JULY 2018

JULY 2018
One Hundred Years Later, Same Message. 1916 - 2017


Saturday, February 18, 2017

TOMBSTONES Chapter Eight

I know what Virgil Earp was thinking when he was accosted that August of 1880 in Charleston, Arizona. In response to a challenge by 5 foot 3 inch tall Tom and 5 foot 4 inch tall Frank McLaury, the 6 foot tall Deputy Federal Marshal Earp assured them he had nothing to do with the notice published in the Tombstone Epitaph accusing them of stealing 6 army mules. Despite this Frank warned Marshal Earp, "If I thought you did, I would make you fight right here". Virgil knew the McLaury's threats had worked against previous lawmen. But Virgil was different. He quietly assured Frank that if an arrest warrant was ever issued against either McLaury, "No compromise would be made on my part." The elder McLaury asserted that he would never be taken alive. Calmly, Virgil asked, "Frank, you are not looking for a quarrel, are you?"
Virgil Walter Earp (above) was 37 years old that summer of 1880 with no history of panic. He had returned to Illinois after 3 years Civil War service to find his wife and daughter dead from fever, and her family moved away. After a decade of wandering the American west he fell in love again, with the small feisty 31 year old Alvira "Allie" Sullivan. Virgil referred to her as being "not much bigger than and as sweet as pickle". Three years later Virgil became a stagecoach guard in Precott, Arizona. And there, in October of 1877, unbidden, Virgil backed up U.S. Marshal "Little Bill" Standifer in a shoot out, killing one of the attackers. A month later Virgil was elected town sheriff, and a year after that he was appointed Deputy Federal Marshal, assigned to clean up the troublesome "Cow Boys" in and around Tombstone. He immediately wrote his 4 brothers of the financial opportunities the silver strike offered.
Virgil was not the first Earp to become a lawman. His younger brother, 32 year old (in 1880) Wyatt Berry Stapp Earp (above) had been a deputy sheriff in Dodge City, Kansas , but that was only part time. Wyatt's preferred occupation was the profitable dealing of faro (see last photo in essay). The slight odds favoring the faro dealer could be improved by lightening fast play that disguised crooked shuffles and bottom dealing. Cheating was so common that "Hoyle's Rules of Games" warned it's readers that not a single honest faro game could be found in the United States. And Wyatt Earp was one of the "best" faro dealers in the west.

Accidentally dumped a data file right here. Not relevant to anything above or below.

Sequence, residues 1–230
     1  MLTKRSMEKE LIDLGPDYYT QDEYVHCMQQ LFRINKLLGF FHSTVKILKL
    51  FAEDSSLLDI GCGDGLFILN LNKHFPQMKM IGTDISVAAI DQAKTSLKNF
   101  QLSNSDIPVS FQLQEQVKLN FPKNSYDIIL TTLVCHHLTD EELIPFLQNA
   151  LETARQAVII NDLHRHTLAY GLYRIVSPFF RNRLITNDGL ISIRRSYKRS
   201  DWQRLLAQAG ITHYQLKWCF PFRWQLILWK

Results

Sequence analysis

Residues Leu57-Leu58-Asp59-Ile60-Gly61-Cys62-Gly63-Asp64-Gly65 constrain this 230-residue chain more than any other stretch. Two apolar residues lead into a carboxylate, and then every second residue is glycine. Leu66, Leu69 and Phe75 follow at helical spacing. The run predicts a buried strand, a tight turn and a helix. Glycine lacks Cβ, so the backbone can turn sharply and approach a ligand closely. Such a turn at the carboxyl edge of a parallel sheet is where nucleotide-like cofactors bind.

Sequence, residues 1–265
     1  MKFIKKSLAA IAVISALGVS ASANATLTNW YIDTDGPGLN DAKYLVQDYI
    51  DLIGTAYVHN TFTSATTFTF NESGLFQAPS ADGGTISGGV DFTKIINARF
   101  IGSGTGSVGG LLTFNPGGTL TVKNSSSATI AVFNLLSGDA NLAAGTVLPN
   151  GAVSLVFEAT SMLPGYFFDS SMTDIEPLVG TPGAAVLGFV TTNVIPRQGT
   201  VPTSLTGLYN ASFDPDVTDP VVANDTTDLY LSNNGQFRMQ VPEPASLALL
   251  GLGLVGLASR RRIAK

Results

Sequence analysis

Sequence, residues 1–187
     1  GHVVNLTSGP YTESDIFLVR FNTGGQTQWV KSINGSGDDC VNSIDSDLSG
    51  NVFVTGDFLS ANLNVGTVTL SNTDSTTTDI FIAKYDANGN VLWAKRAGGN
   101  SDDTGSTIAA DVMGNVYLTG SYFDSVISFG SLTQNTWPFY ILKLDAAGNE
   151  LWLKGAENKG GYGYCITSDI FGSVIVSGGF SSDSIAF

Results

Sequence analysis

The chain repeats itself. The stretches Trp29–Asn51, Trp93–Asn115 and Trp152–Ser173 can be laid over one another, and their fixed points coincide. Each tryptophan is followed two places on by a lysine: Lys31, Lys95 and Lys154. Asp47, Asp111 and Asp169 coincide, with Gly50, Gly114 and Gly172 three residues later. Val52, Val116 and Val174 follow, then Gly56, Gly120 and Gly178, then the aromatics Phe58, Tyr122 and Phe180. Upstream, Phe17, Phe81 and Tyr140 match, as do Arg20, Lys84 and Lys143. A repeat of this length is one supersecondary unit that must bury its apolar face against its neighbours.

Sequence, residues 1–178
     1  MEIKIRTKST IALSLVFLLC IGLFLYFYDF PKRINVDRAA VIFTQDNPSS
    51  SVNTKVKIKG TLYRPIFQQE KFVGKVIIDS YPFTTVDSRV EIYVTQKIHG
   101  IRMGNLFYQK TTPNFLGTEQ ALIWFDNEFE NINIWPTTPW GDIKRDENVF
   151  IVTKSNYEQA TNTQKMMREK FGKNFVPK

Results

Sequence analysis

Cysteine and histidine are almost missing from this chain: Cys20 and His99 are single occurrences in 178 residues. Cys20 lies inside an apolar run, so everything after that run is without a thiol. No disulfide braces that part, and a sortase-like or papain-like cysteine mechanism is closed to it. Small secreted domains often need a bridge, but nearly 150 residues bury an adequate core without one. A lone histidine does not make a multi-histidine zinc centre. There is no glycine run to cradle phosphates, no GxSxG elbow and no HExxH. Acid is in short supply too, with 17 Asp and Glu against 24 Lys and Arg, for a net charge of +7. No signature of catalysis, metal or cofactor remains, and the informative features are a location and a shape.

The Earps gambled on Tombstone, going "all in" on 1 December 1879, when Virgil and Allie, Wyatt and his common-law wife, 30 year old Celia Ann "Mattie" Blaylock, 39 year old James Cooksdy Earp and his "beautiful brunette", 40 year old Nellie "Bessie" Catchim, all arrived by carriage and wagon from the territorial capital of Prescott. Six months later 28 year old Morgan Seth Earp (above) and his wife, the arthritic Louisa Alice Houston, would arrive, along with the Earps' friend and business partner, the temperamental and tubercular John Henry "Doc" Holliday with his Hungarian born common-law wife Mary Katherine "Big Nose Kate" Horony-Cummings.
Which brings up the unpleasant reality of the Earp's world. All the brothers and Holliday based their financial stability on whore houses, as property owners or bouncers from Illinois to Iowa to Kansas to Dakota and Arizona territories. And all the Earp wives - except Virgil's sweet pickle Allie and Wyatt's first wife who died in Iowa - worked as prostitutes, often even after they were married. 
Because the trade could be conducted with little capital investment - a tent or the back of a wagon could suffice - time and again after a financial setback, the women working as "soiled doves" provided the funds the family needed to survive. The sixth and final Earp brother, 25 year old Baxter Warren Earp, would not arrive in Tombstone for another year.